gia

1998

Directed by: Michael Cristofer
Written by: Jay McInerney and Michael Cristofer

When given the right material, the right director and the right co-stars Angelina Jolie is one of the most talented young actresses in Hollywood today. She's made some absolutely horrible films, including Beyond Borders and her two sub-standard Tomb Raider outings (sorry girls, but as much as she was a perfect physical fit for the role, the scripts were just awful).

She is however one of the few actresses around at the moment who consistently performs well: as in, even when a film is bad, she's generally the best thing in it.

Jolie's better and most courageous performances lie at the beginning of her career, with Gia acknowledged as one of her two best roles so far, along with her Academy Award-winning turn in Girl Interrupted. For this made for TV movie she won a Golden Globe and a Screen Actor's Guild award and earned an Emmy nomination. In both cases she had amazing scripts and a talented supporting cast. In Gia she's backed by the superb and underrated Elizabeth Mitchell and the always great Mercedes Ruehl.

Gia Carangi's story is a well-known and sad one. Flying too high, too fast into the world of international modelling, Carangi took a nose-dive into drugs, became an intravenous drug user, failed many times in rehab and eventually fell victim to AIDS in the early years of the epidemic. No one really knew how the disease was transferred back then, and no one knew what a social predator it would become.

Carangi was also quite famously a lesbian, an oddity in the world of high fashion. She had several important and well-documented relationships with women, both during her glory years and the years of her decline, all of which have been combined in the film into one character, Linda, a make-up artist played by Elizabeth Mitchell. Linda becomes the focus of Gia's love and obsession but ultimately is powerless to save Gia as she hurtles towards her own destruction. During their good times however the couple are infectiously happy and we can't help cheering for them, hoping beyond hope that somehow Linda will get through to Gia and the story can end differently with them living together happily ever after. Of course, if that happened there would be no reason to make a film.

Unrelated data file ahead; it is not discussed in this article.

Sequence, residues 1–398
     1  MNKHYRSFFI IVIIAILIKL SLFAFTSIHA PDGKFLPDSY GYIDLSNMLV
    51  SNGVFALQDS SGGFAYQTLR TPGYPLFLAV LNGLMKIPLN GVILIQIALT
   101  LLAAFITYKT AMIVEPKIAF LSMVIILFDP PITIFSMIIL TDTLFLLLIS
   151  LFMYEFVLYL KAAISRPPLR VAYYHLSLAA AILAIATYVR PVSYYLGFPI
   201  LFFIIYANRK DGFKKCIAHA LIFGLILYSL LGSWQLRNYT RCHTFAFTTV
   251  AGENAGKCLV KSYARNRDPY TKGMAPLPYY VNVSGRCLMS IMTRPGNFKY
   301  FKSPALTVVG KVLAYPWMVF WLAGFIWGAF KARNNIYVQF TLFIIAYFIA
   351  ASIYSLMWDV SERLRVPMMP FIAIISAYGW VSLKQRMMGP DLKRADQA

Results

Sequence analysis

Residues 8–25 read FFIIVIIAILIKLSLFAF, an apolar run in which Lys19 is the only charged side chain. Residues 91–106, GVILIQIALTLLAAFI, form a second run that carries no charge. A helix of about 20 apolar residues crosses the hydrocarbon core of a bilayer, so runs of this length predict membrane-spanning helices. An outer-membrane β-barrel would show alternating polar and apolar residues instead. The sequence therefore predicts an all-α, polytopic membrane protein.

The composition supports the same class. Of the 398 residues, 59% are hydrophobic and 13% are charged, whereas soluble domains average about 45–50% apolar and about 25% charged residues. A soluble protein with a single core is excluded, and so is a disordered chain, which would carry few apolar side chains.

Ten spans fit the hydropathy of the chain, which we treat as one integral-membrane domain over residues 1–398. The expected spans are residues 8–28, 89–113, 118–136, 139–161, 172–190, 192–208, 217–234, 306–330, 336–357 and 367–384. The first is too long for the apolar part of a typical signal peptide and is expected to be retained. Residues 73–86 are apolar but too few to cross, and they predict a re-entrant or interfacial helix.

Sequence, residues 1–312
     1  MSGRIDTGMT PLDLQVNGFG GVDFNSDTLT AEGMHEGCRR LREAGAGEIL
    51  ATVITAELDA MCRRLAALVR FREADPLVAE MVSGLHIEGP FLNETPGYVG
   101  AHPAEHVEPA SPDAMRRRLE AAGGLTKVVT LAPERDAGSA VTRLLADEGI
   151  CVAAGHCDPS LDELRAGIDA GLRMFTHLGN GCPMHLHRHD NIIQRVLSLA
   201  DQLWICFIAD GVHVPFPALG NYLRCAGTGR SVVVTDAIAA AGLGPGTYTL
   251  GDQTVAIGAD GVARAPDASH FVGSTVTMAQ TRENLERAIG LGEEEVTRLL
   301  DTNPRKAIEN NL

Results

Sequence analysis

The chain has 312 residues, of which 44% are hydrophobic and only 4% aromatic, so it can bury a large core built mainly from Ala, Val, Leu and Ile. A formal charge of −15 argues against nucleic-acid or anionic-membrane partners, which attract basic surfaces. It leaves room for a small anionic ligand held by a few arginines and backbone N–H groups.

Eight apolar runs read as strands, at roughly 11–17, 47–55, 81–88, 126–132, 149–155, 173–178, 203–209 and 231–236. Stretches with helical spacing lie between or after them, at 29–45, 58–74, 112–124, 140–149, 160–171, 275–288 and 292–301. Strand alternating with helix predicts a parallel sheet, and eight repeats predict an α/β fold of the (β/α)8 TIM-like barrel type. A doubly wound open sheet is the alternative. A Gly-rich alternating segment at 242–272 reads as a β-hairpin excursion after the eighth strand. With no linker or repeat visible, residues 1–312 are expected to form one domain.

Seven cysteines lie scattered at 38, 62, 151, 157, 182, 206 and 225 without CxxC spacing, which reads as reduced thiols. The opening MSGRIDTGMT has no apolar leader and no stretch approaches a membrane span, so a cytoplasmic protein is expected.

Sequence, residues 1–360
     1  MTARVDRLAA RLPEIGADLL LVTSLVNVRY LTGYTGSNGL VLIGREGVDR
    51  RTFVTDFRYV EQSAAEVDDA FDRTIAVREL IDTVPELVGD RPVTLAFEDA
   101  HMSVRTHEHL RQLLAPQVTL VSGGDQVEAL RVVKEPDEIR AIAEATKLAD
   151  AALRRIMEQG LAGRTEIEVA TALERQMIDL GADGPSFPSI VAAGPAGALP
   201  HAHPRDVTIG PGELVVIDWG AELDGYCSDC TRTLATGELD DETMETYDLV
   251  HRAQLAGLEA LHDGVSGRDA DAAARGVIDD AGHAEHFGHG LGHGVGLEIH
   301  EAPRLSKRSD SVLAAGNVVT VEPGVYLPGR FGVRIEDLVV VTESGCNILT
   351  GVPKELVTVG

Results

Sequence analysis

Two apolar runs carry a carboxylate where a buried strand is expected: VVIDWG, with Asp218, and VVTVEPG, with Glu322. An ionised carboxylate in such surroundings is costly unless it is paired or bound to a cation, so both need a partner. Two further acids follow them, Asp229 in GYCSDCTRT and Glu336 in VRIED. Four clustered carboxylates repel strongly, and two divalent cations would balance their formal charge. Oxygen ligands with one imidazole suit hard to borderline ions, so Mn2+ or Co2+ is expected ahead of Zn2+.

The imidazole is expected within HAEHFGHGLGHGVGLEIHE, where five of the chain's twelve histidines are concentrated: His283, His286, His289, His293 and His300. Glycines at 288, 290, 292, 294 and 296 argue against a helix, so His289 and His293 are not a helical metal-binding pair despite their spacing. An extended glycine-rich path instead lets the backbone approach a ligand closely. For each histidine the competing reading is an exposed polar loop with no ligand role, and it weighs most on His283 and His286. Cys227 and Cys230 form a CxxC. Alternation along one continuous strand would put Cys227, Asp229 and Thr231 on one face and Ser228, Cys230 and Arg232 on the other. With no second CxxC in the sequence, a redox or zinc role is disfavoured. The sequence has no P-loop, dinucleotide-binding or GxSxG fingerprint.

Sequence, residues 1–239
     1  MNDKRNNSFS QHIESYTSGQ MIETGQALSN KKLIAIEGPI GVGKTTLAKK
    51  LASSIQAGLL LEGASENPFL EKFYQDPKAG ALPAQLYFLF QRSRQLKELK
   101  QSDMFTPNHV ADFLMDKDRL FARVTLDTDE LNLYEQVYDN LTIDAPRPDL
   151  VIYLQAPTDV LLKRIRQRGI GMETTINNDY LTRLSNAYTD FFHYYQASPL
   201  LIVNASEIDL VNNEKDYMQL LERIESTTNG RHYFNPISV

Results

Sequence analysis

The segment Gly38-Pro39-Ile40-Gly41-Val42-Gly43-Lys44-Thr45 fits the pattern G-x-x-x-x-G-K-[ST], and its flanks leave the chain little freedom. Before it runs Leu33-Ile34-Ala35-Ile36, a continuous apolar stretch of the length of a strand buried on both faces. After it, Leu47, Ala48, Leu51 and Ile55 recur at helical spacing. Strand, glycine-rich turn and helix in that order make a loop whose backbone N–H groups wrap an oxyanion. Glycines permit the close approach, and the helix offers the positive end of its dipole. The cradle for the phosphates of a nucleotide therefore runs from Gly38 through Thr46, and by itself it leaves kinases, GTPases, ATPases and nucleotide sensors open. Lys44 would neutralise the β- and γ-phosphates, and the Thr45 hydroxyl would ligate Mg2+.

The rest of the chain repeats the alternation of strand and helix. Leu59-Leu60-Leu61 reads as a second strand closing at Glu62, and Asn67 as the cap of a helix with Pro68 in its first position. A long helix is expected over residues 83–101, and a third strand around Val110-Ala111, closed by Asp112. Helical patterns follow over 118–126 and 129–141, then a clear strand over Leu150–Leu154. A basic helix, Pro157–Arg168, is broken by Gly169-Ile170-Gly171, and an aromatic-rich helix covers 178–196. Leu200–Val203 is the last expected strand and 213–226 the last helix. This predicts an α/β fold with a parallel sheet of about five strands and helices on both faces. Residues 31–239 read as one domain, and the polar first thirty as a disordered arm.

Angelina Jolie is riveting. From street urchin to high fashion model the transformation is amazing. She plays both with equal passion. That Jolie actually bears some kind of physical resemblance to Carangi matters not at all. Even if she looked completely different I feel like I still would have believed her performance. Gia sucked the life out of everything around her to fuel her own personality. She sucked the lifeblood from the people who loved her. As Jolie chews the scenery we notice that when she's on-screen everyone else seems that little more dull. She's the bright light - the star - the centre of her own and everyone else's universe. It must have been immensely tiring loving the real Gia Carangi and the supporting cast play this to perfection.

I can't say enough about Elizabeth Mitchell. No stranger to playing a lesbian (she brought the wonderful Kim Legaspi to life on ER) she has this shyness within her that never goes away, even when making love or dealing with the worst of Gia's drug addictions and their lovers squabbles. In one of the semi-interview segments of the film she describes (as Linda) Gia's love as being like a puppy. Love me love me love me, all the time. The look in her eyes as she says she did love her, right away, just leaves you aching.

We ache for the life this beautiful woman could have had if her life hadn't intersected so painfully with Gia's, but we know she wouldn't trade those times for anything. We laugh at their first meeting where she's convinced to hesitantly discard her clothes and do a nude shoot with Gia and ends up tumbled into Gia's bed. She's really a nerdy straight girl underneath. Gia was just irresistible. We cry for the terrible way in which she is eventually cut out of Gia's life after giving so much.

Ultimately the story disintegrates into a procession of drug-fuelled days, rehab attempts and failures as Gia loses control of her life. When she's hospitalised with AIDS our attention is finally drawn away from Gia herself to the people she is leaving behind. We see how devastated they were, but how her death brought both Gia and her loved ones a measure of peace. It's a horrifying and terrible conclusion to come to but one which Gia herself arrives at before the end, as read from the real Gia's own personal diaries. She used up every bit of her body and soul living a life that couldn't be sustained. It was time for her to let go, so that the people she took along with her could live their own lives again.

If sad films are not your thing you might want to steer clear, this is about as depressing as it gets. If you do miss this film though you're missing some of the hottest lesbian love scenes and some of the most magnificent acting you're likely to ever see. It's a doomed life, but a powerful and essential piece of storytelling.

Note: There are two different versions of Gia in existence. Get the unrated one if you can. The rated version chops freely away at Jolie's nude scenes, which besides depriving us of eye candy, detracts from the film as a whole. I always believe in watching the film that the filmmaker intended to make, not what the classification board believes is fit for me to watch.

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